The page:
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Revolutionary paper sensors easily track personal health and environmental safety

Only a simple finger prick is needed to provide a sample, which can be mailed to a lab for white blood cell counts and other measurements.
Only a simple finger prick is needed to provide a sample, which can be mailed to a lab for white blood cell counts and other measurements. (CREDIT: Charlie Mace)


Researchers at Tufts University have devised innovative paper-based tests that could revolutionize how we monitor personal health and environmental safety. These tests eliminate the need for expensive equipment and can be conducted anywhere, making them accessible to a wider population.


One of these groundbreaking technologies is the paper analytical device, developed by Charlie Mace, an associate professor of chemistry at Tufts University. Mace's team created a patterned dried blood spot card, engineered with channels and collection zones that accurately measure defined volumes of blood.


 
 

Collect blood at home with a simple finger prick


This device allows users to collect blood at home with a simple finger prick, eliminating the need for clinic visits. The dried blood spots can then be mailed to a lab for analysis, where the amount of DNA unique to white blood cells is measured to determine the cell count.


he lactate-responsive dots change color from yellow to dark red as a sign of lactate concentration
Upon contact with sweat, the lactate-responsive dots change color from yellow to dark red as a sign of lactate concentration, while the nonreactive reference circles in each corner provide markers to correct for lighting artifacts when the color intensities are measured using a phone camera. (CREDIT: Silklab)


Mace highlighted the significance of this technology, particularly for populations with limited access to healthcare. He emphasized its potential applications in detecting various health indicators, including infections and markers of wellness. Through local collaborations, Mace's work has already reached regions such as South Africa and Ghana, demonstrating its global impact.


 
 

Another notable innovation comes from Fiorenzo Omenetto, a professor of engineering at Tufts University, and his team at the Tufts University Silklab. They developed a paper analytical device capable of measuring lactate levels in sweat.


Lactate measurements can indicate oxygen deficiency and serve as a predictor of mortality in trauma patients, making this technology valuable for athletes and individuals in physically demanding occupations.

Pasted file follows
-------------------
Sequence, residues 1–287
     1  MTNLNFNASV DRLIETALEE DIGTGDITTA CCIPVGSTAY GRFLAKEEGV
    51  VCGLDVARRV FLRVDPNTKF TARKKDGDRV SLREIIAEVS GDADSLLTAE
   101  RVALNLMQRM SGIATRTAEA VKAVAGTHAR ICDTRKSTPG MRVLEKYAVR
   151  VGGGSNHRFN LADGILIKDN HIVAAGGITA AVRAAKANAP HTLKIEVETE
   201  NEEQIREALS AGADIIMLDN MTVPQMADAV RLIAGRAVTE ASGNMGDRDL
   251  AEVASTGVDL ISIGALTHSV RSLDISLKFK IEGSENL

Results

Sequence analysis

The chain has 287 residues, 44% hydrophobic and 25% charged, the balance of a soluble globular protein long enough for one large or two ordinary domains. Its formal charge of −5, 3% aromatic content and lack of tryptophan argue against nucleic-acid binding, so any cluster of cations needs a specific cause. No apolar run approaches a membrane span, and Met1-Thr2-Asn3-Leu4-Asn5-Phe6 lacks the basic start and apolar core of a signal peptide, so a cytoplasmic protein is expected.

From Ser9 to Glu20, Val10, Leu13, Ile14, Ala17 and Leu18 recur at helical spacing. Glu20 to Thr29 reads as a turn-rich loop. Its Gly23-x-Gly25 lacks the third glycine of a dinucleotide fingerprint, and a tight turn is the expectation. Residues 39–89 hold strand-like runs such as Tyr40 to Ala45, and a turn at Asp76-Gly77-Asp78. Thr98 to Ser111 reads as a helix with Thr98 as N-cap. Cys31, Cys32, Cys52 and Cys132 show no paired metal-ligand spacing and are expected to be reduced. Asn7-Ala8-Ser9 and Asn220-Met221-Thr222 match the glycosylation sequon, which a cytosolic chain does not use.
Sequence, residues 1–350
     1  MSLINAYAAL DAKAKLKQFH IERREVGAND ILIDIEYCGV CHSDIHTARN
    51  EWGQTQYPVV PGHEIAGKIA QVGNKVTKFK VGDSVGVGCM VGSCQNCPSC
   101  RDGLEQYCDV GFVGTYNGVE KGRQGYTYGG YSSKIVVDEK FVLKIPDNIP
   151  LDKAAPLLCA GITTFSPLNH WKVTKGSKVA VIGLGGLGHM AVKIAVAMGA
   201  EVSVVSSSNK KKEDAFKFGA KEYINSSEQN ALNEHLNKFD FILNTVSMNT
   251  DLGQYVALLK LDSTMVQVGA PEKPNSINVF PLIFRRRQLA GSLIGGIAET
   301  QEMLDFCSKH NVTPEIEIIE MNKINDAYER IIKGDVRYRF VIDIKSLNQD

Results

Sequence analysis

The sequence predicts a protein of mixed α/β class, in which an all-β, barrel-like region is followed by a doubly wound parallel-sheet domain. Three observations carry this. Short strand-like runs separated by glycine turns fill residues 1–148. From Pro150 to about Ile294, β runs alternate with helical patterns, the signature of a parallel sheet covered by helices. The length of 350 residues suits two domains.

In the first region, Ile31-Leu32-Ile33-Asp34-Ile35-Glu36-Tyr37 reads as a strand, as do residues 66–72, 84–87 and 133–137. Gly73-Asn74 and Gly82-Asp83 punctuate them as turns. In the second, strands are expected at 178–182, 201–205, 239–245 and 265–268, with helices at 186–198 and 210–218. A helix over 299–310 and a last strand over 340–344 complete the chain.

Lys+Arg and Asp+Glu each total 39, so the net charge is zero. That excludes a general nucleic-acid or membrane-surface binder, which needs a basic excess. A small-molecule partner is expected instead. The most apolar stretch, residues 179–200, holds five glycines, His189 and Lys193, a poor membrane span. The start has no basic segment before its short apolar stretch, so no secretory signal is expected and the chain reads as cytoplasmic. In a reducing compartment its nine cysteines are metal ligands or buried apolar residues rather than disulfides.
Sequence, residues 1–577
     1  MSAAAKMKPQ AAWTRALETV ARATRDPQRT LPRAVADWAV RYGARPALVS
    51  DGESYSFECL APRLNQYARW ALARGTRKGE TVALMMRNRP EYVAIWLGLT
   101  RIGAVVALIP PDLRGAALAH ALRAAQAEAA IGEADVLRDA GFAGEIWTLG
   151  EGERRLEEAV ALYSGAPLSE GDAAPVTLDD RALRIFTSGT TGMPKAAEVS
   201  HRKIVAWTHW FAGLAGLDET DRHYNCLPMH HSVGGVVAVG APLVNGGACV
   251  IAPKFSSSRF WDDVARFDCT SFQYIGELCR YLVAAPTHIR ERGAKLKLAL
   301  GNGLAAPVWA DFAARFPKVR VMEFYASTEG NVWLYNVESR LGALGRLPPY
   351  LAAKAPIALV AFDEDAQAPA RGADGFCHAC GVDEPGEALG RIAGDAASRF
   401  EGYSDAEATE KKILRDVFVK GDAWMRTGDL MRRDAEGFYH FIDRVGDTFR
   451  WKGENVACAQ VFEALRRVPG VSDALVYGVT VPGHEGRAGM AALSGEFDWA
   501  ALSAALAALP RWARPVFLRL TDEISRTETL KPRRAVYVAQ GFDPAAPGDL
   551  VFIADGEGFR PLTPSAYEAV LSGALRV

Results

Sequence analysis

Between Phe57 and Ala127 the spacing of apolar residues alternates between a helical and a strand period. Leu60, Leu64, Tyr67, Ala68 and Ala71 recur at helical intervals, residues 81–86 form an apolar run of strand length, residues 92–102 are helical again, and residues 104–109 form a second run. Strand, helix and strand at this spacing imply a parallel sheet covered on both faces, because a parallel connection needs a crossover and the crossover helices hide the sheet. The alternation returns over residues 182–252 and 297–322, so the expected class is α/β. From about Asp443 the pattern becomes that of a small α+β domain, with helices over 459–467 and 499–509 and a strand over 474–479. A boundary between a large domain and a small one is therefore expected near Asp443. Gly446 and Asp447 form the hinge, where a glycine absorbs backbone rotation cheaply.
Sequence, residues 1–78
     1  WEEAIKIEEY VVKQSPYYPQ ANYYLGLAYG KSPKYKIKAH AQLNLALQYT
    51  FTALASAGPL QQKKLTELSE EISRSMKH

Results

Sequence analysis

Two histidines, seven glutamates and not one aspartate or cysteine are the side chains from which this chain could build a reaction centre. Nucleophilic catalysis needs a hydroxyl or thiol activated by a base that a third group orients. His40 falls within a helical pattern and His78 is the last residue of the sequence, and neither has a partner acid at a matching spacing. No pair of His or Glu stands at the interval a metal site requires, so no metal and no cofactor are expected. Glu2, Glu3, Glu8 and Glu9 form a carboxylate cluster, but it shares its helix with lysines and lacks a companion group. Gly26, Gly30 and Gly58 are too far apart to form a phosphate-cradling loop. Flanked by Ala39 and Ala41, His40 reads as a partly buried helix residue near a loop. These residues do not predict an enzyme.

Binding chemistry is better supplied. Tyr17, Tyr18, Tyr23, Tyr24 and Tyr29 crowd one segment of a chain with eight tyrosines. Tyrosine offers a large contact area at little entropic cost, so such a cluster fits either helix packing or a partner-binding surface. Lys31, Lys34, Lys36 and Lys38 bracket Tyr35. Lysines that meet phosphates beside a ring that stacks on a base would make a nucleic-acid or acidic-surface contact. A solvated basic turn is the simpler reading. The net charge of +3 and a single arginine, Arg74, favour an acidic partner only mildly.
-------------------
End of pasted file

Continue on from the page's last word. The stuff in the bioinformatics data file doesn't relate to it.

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Omenetto utilized bioreactive inks derived from silk fibroin, combined with enzymes that process lactate, to create paper tabs that change color based on lactate concentration in sweat.


These tabs are applied to the skin and the color changes are measured using a smartphone camera, providing accurate results comparable to laboratory equipment.


 
 

Sensors that measure elements in sweat


Elisabetta Ruggeri, who led the development of the paper devices, emphasized their long shelf life and potential for expanding to measure other elements in sweat, offering a comprehensive health profile.


Addressing water quality concerns, Sameer Sonkusale, a professor of electrical and computer engineering at Tufts University, and the Tufts University Nano Lab, devised a paper analytical device capable of detecting bacterial contamination in water.


This device uses gold nanoparticles attached to an antibiotic that binds to gram-negative bacteria, causing a color change when bacteria are present. A smartphone camera and an app called ColorAssist allow for easy measurement of bacterial levels in water samples.


 
 

Furthermore, the researchers incorporated a collection zone for detecting nitrite, another harmful contaminant in water, demonstrating the versatility of the paper device. Sonkusale highlighted the significance of these inexpensive and easy-to-use water quality tests, particularly for monitoring water in remote areas with limited sanitation infrastructure.


A paper card with multiple sample channels can detect bacterial contamination in water supplies using a color change detection app on a smartphone.
A paper card with multiple sample channels can detect bacterial contamination in water supplies using a color change detection app on a smartphone. It can also be used at home to detect urinary tract infections. (CREDIT: Sameer Sonkusale)


Moreover, Sonkusale's paper device has potential health applications beyond water quality testing, including the detection of urinary tract infections. He emphasized the importance of early detection in preventing infections from progressing to sepsis, particularly among vulnerable populations.


 
 

The development of paper-based analytical devices by Tufts University researchers represents a significant advancement in healthcare monitoring and environmental safety. These low-cost and accessible technologies have the potential to improve healthcare access and address critical issues such as water quality worldwide.






For more science and technology stories check out our New Innovations section at The Brighter Side of News.


 

Note: Materials provided above by the The Brighter Side of News. Content may be edited for style and length.


 
 

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